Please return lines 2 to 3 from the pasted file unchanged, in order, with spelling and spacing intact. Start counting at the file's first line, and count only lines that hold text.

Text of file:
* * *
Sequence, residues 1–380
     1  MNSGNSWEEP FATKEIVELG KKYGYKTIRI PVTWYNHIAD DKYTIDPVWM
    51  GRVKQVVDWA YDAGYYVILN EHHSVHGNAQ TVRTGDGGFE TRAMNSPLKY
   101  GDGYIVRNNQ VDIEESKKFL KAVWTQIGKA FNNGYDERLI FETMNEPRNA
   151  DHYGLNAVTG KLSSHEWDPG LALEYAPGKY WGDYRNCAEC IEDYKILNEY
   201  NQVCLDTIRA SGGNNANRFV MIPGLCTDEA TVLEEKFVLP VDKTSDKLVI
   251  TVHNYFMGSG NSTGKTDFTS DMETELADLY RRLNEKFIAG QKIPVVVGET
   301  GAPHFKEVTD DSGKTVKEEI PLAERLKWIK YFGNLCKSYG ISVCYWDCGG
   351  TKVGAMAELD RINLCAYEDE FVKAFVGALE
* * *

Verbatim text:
     1  MNSGNSWEEP FATKEIVELG KKYGYKTIRI PVTWYNHIAD DKYTIDPVWM
    51  GRVKQVVDWA YDAGYYVILN EHHSVHGNAQ TVRTGDGGFE TRAMNSPLKY